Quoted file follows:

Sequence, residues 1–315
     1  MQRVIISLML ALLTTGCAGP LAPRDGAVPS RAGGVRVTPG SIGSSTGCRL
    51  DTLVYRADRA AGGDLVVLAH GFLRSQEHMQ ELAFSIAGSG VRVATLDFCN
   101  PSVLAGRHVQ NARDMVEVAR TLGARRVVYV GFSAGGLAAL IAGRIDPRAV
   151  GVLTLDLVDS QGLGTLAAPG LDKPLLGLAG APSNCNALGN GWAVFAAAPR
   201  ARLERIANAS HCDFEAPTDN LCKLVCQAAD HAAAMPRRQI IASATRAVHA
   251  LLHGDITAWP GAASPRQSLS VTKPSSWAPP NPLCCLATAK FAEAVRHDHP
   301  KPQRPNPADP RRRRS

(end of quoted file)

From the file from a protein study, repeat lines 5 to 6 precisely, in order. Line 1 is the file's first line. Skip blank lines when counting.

   151  GVLTLDLVDS QGLGTLAAPG LDKPLLGLAG APSNCNALGN GWAVFAAAPR
   201  ARLERIANAS HCDFEAPTDN LCKLVCQAAD HAAAMPRRQI IASATRAVHA